I love Bernie Williams. I want to get that out there right up front.
In his 16 seasons in pinstripes, Williams has represented his team with class and distinction. He put together five consecutive MVP-caliber years between 1996 and 2000, during which his on-base percentage didn't dip below .391 or his slugging percentage below .535. He roamed center field like a gazelle (granted, a gazelle who triple-skipped throws to home plate).
By most any objective or subjective criteria, he had a more successful Yankee career than Reggie Jackson, Thurman Munson, Paul O'Neill and Don Mattingly -– and I say this as a guy who will give serious consideration to "Mattingly" as a name for his first son.
|Allowing Pedro Martinez to leave was probably smart for the BoSox. (Getty Images)|
I realize all this puts me at odds with a sizable percentage of Yankees fans, many of whom spend their idle hours wondering why Alex Rodriguez can't be more like grittyguttyscrappy Scott Brosius, he of the .745 career OPS. But it speaks to a larger point, one that has become all the more striking as teams wonder why older teams tend to run out of gas come August: In Major League Baseball, sentimentality will kill you.
This holds true in several of the other major sports as well –- witness Brett Favre, throwing off his back foot into quadruple coverage, as the blissfully nostalgic fans of Wisconsin chant, "One more year!" In baseball, however, with its guaranteed contracts, the damage tends to be more pronounced. Ask the Rockies how well their big-dollar, until-death commitment to Todd Helton is working out for them.
The most successful franchises of this decade have been the ones least afraid to piss off fans by making decidedly unsentimental decisions that are in the club's best interest. Atop this list sit the Red Sox and their crack team of number-crunchers, budgeteers and fair-cheeked wonderboys. After claiming its first title since the advent of water, the team didn't rest on its hard-won laurels. Rather, it tried to -– get this -– improve.
Everyone in Red Sox Land wanted to bask in the glow of the 2004 title team, but the front office saw things a little differently. They failed to cede to Pedro Martinez's demand for a long-term deal and looked positively provident when he broke down 15 months into his Mets tenure. They let Derek Lowe and Orlando Cabrera walk, and eventually parted company with hirsute hero Johnny Damon, valiant base-stealer Dave Roberts, Bronson "Brandon" Arroyo and idjit extraordinaire Kevin Millar.
None of these decisions were particularly popular among the riff-raff, although even the most stubborn sentimentalist had to realize that Millar no longer wielded the bat with much authority. Nonetheless, the Sox brain trust made those decisions and the franchise's future looks more promising, if less huggable, for it. J.D. Drew, who replaces Trot Nixon ("Trottah! Trottah!") in right field, might well be received in Massachusetts as warmly as a Republican presidential candidate, but you can't argue with the baseball logic behind the move. One guy offers more, in every measurable way that matters, than the other. It's pretty simple.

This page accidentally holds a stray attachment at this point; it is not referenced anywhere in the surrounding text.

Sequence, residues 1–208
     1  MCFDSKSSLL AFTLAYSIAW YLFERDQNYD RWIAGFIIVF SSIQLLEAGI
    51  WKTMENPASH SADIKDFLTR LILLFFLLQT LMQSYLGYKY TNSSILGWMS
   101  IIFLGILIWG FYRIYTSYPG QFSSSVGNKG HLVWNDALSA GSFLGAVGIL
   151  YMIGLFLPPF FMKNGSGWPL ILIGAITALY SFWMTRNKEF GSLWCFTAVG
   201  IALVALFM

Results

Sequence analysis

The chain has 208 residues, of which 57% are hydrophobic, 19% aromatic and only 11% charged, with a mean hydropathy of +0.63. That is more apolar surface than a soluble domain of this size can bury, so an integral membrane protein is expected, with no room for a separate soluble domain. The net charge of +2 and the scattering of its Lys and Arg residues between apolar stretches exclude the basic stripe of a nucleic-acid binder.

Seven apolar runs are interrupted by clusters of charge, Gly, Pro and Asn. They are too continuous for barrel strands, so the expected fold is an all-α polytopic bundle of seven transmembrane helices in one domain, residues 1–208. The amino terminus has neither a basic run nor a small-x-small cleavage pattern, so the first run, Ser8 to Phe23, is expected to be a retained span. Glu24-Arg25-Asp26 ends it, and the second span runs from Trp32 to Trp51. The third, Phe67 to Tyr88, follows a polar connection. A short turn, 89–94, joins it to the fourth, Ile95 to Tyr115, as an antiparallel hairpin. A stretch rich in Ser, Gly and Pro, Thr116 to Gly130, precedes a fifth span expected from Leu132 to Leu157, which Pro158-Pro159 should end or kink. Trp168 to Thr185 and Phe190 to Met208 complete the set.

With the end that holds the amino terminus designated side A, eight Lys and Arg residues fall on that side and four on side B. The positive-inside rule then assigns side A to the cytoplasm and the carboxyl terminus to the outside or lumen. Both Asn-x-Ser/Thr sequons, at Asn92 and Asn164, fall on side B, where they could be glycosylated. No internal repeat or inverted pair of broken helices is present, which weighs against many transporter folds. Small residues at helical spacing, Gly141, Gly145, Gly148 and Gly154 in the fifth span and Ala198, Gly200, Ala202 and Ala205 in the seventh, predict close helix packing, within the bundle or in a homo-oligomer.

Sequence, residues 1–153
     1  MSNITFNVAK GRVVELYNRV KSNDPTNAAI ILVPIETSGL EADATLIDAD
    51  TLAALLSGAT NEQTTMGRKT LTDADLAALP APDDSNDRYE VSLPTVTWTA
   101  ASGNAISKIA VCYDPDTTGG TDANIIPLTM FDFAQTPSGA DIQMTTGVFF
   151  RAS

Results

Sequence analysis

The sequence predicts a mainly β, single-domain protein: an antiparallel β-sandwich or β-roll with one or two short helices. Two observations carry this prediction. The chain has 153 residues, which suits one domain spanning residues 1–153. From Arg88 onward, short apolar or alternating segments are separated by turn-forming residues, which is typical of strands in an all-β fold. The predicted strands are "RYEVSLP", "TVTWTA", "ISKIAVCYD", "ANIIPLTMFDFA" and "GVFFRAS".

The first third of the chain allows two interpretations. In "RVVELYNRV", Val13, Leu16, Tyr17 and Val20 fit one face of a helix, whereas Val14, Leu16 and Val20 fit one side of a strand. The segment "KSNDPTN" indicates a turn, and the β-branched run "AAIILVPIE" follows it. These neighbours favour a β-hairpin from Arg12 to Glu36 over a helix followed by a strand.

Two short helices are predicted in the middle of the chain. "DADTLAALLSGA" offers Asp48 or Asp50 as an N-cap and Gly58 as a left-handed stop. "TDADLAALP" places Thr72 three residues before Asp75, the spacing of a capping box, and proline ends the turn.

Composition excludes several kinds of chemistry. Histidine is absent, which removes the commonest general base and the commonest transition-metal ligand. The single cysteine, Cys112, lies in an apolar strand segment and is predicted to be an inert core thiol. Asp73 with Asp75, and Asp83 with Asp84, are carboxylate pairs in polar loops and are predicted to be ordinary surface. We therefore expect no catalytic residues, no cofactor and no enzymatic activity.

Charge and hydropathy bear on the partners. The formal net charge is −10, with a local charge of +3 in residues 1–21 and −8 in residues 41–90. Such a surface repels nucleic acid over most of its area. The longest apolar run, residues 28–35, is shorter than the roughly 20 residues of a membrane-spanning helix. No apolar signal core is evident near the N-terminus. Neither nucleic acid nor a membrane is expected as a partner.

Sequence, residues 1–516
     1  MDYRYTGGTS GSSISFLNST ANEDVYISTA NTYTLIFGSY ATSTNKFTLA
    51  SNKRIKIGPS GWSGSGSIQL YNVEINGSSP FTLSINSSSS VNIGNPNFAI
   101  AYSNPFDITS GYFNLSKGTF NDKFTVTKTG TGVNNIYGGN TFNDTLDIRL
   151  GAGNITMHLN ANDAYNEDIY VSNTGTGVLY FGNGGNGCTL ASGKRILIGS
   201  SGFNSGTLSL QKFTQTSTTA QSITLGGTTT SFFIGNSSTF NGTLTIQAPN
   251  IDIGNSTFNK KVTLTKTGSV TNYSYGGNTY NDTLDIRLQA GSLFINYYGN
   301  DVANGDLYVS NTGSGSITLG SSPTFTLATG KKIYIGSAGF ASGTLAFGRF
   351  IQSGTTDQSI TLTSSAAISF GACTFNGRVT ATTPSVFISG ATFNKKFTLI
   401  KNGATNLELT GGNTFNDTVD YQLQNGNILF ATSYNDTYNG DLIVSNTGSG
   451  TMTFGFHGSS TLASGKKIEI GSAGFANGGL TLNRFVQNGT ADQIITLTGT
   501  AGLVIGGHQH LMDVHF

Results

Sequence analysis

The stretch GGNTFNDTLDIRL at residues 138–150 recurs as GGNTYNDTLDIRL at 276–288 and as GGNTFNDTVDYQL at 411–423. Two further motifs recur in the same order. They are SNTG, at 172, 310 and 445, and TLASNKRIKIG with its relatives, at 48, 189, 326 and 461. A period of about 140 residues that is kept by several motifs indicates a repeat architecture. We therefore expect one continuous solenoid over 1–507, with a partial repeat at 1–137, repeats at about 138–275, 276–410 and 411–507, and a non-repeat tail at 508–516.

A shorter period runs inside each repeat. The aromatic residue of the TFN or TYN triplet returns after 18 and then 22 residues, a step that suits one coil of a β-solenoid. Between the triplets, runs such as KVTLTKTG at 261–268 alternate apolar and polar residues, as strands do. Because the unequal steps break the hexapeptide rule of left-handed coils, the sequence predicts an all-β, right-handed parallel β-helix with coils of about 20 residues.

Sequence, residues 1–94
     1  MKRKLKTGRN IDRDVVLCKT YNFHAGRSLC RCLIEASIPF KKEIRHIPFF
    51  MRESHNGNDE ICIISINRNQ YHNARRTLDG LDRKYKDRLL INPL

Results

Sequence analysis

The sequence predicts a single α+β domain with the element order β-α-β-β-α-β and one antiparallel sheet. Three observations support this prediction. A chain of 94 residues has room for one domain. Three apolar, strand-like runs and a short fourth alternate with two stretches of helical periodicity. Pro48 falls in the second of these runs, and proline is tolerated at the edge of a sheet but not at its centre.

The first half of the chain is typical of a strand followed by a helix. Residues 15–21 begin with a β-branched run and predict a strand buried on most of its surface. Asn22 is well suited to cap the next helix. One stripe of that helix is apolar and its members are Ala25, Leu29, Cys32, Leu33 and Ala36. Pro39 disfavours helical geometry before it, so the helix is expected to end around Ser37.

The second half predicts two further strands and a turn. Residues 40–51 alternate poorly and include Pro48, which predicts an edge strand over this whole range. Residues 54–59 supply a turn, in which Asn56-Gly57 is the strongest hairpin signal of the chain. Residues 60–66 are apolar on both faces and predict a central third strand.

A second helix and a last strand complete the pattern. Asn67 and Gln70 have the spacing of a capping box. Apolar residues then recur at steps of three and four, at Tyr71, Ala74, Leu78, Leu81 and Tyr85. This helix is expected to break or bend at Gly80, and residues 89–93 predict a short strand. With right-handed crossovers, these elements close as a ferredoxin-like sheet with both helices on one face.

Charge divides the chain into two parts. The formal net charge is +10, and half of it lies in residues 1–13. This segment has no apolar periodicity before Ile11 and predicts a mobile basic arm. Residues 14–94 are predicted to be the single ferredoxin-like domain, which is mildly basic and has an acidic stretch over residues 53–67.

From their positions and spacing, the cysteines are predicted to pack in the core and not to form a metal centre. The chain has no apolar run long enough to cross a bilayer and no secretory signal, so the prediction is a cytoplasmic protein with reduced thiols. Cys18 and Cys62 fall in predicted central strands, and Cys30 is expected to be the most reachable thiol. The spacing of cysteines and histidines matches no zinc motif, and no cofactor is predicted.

Of the other teams willing to take the short-term PR hit that accompanies a high-profile player/team divorce, the White Sox earned their stripes after their 2005 title by dealing Aaron Rowand (coming off a career season) and ditching Frank Thomas and his lofty sense of self. The A's live to sell high. The Mets let Mike Piazza walk right when the team found itself on the cusp of both contention and relevancy. The Marlins have twice run a title-winning roster through the shredder, though you could argue that they've been motivated less by hard-hearted evaluation than by a desire not to have their office furniture repossessed.
On the other end of the scale sit the Baltimore Orioles (excessive sentimentality, overspending on relief pitching, reclamation projects aplenty ... is there any franchise-behaving-badly list upon which they don't appear?). Over the offseason, they reportedly passed on a deal that would've made the team appreciably better -– Marcus Giles and Adam LaRoche for Brian Roberts and Hayden Penn -– because owner Peter Angelos considers Roberts one of his "favorite" players. You get the feeling they'd clear a roster spot for B.J. Surhoff if he felt like lacing up the cleats again.
How about the Astros, forcing their ground-ball pitchers to throw in front of the laterally-challenged Craig Biggio? I realize that Biggio getting his 3,000th hit wearing Astro red-and-gold is a nice story, but the team will sacrifice many a win at the altar of its narrative. And don't forget the Hendry-era Cubs, still hoping against hope that Kerry Wood and Mark Prior will once again shine like the stars they were before Dusty Baker ran them into the ground.
My advice to any team facing a decision on a team icon? Cut bait. Part ways with a player one year too early rather than two years too late. Let your apology to the fans come in the form of a seven-win swing in the right direction, rather than a few empty words.
Besides, clubs needn't worry about incurring long-term damage. We have short memories. In the end, no matter where he plays this season, we'll remember Bernie Williams as a Yankee; so too will we remember Scottie Pippen as a Bull and Emmitt Smith as a Cowboy (actually, much of the U.S. population will remember Emmitt as a ballerina).
There's a lot to be said for loyalty and rooting for the same players year in and year out and all that good stuff, but the reality is that championship banners fly forever. By prompting teams to base tomorrow's decisions on yesterday's glories, sentimentality can prove a serious drag on future success. We'll see if the Yankees have learned that lesson when they're forced to make a decision on Jorge Posada –- 36 at the end of the 2007 season, which makes him roughly 64.5 in catcher years –- nine months from now.